Implementing a View Criteria Adapter to Customize Query By Example Functionality

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Implementing a View Criteria Adapter to Customize Query By Example Functionality

BC4J offers a powerful query by example feature, built-in to every view object. By applying a ViewCriteria collection of one or more rows of ViewCriteriaRow's of query criteria, BC4J will build you the dynamic where clause fragment that should be used to implement the query by example.

You can access the currently applied view criteria collection by calling the getViewCriteria() method that your view object implementation class inherits from oracle.jbo.server.ViewObjectImpl. To create a new, empty view criteria collection, you can call the createViewCriteria() method. Since an empty view criteria collection equates to having no query by example criteria, your job is to add one or more ViewCriteriaRow objects to it by using code like this:

 * Assume this code is in a method of your view object impl class
ViewCriteria vc = createViewCriteria();
ViewCriteriaRow vcr = vc.createViewCriteriaRow();
 * The view criteria row is a row with the same row structure as
 * your view object, except that it's attribute slots are all
 * treated as strings so you can set criteria like "10%" as
 * query criteria for a numeric attribute.
 * You set the attributes that you want to use as your query by
 * example criteria. These might have come directly from some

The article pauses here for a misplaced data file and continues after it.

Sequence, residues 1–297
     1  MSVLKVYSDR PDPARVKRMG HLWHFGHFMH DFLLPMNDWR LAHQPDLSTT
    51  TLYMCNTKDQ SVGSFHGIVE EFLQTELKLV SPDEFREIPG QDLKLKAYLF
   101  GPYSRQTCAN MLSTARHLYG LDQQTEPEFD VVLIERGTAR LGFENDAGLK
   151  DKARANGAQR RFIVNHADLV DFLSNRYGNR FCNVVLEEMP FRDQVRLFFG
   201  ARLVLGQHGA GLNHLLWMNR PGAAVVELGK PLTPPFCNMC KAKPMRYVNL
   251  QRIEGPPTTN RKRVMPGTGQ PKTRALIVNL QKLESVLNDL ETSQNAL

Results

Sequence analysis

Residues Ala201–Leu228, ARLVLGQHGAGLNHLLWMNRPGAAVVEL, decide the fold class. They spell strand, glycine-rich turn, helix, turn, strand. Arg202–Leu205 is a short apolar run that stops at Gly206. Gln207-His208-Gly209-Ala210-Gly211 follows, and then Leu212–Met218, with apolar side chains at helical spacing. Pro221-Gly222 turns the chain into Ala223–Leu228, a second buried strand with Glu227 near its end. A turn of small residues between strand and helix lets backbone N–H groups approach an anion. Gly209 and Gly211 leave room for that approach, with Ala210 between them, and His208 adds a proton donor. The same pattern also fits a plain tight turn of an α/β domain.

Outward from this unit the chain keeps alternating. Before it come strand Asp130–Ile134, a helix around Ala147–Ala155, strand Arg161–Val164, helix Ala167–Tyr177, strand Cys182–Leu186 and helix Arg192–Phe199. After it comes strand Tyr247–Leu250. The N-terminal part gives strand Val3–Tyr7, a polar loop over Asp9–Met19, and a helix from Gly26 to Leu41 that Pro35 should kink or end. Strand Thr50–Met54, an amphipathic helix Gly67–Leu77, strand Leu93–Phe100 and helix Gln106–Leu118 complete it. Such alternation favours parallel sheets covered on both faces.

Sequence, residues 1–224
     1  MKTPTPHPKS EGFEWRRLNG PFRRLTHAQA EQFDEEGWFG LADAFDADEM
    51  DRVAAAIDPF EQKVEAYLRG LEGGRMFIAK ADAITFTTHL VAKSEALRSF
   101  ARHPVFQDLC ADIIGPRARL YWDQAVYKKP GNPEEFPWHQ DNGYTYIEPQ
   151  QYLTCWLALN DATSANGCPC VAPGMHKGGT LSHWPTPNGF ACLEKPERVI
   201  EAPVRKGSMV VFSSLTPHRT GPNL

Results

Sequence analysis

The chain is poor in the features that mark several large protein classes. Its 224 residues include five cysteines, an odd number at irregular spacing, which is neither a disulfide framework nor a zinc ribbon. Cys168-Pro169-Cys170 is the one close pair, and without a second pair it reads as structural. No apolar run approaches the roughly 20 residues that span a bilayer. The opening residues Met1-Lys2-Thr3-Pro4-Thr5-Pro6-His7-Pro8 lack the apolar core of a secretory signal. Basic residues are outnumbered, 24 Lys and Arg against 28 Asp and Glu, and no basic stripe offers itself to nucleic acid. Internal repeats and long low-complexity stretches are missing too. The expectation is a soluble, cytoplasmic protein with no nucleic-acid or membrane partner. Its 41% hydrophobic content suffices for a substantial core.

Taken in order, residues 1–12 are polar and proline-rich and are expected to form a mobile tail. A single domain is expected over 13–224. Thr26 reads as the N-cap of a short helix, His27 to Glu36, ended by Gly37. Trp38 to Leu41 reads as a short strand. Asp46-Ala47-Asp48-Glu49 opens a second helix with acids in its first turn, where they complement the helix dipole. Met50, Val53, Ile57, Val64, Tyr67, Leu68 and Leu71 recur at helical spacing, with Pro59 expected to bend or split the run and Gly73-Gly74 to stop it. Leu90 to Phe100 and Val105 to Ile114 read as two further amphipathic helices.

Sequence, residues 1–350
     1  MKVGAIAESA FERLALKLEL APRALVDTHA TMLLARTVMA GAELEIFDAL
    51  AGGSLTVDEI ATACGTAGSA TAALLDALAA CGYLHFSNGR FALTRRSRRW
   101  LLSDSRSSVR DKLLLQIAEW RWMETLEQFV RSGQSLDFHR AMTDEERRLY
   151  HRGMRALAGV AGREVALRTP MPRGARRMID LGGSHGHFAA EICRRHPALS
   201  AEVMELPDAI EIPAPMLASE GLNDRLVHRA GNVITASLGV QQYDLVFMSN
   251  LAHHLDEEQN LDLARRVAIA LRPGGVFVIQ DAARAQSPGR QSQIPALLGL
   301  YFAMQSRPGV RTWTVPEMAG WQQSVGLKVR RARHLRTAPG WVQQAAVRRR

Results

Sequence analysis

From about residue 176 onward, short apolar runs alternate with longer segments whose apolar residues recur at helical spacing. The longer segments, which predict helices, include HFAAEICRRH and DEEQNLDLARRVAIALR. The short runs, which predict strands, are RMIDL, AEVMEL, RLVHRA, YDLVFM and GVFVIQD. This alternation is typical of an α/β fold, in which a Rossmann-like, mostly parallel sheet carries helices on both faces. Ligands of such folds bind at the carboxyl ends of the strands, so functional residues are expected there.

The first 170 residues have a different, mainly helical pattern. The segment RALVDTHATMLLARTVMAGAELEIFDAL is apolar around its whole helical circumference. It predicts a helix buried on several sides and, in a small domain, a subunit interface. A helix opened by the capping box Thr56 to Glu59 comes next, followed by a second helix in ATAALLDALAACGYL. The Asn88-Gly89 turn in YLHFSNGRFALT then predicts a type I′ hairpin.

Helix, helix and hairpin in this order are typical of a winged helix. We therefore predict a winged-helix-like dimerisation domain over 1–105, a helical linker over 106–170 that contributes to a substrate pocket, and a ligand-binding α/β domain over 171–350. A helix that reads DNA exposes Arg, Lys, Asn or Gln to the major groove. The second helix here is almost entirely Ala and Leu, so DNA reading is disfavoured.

* "Find Form" that the user submitted. Of course, if the user
 * left the Form Form field blank, then don't set a value for
 * that attribute in the criteria row.
vcr.setAttribute("Loc","NEW YORK");
 * Add the view criteria row to the collection
 * Apply the collection of (in this case one, but not limited to that!)
 * view criteria rows to your view object.

To remove the effect of the View Criteria, you can call applyViewCriteria(null).

When your view object's query is execute, if there is a view criteria collection applied currently to the view object, BC4J used the current View Criteria Adapter to produce a WHERE clause fragment based on the one or more rows of view criteria. The default implementation of this oracle.jbo.server.ViewCriteriaAdapter interface is provided by the ViewObjectImpl class itself, and behaves this way:

  • For each view criteria row, produce a where clause fragment, AND'ing together the criteria for each attribute with a non-null/non-blank value in the view criteria row
  • The where clause predicates for different rows in the view criteria collect are OR'd together in the resulting final WHERE clause

If you need to customize the way the view criteria is converted into a WHERE clause to implement some custom query by example functionality, you can implement your own class that supports the ViewCriteriaAdapter interface, and then call setViewCriteriaAdapter() on the view object to put your custom implementation in place. If you don't need to change the custom implementation dynamically, a good place to do this is in an overridden create() method of your view object class like this:

  protected void create() {
* Here I pass "this" since I'm implementing the interface using
* a method in the same class, but you could pass any instance of
* an object that implements ViewCriteriaAdapter interface.

For a view criteria adapter implementation that is specific to a certain view object, you can implement the custom adapter right in your view object impl class, by appending the implements ViewCriteriaAdapter clause to your class' definition and providing an implementation of that interface's only method like this: